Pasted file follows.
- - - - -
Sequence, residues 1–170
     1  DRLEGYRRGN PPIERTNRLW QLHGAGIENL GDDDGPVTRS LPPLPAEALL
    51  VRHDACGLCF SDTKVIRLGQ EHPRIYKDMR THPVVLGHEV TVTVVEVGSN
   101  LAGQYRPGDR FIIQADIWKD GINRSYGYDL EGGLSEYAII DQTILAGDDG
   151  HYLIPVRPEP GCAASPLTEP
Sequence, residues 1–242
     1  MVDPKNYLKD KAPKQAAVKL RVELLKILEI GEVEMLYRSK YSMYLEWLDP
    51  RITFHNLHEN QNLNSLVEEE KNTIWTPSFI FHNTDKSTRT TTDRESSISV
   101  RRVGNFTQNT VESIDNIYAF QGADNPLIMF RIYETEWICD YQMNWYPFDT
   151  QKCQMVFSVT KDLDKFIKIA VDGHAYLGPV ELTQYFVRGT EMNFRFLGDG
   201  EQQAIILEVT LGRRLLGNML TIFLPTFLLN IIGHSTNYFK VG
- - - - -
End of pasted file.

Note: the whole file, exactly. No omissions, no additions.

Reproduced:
Sequence, residues 1–170
     1  DRLEGYRRGN PPIERTNRLW QLHGAGIENL GDDDGPVTRS LPPLPAEALL
    51  VRHDACGLCF SDTKVIRLGQ EHPRIYKDMR THPVVLGHEV TVTVVEVGSN
   101  LAGQYRPGDR FIIQADIWKD GINRSYGYDL EGGLSEYAII DQTILAGDDG
   151  HYLIPVRPEP GCAASPLTEP
Sequence, residues 1–242
     1  MVDPKNYLKD KAPKQAAVKL RVELLKILEI GEVEMLYRSK YSMYLEWLDP
    51  RITFHNLHEN QNLNSLVEEE KNTIWTPSFI FHNTDKSTRT TTDRESSISV
   101  RRVGNFTQNT VESIDNIYAF QGADNPLIMF RIYETEWICD YQMNWYPFDT
   151  QKCQMVFSVT KDLDKFIKIA VDGHAYLGPV ELTQYFVRGT EMNFRFLGDG
   201  EQQAIILEVT LGRRLLGNML TIFLPTFLLN IIGHSTNYFK VG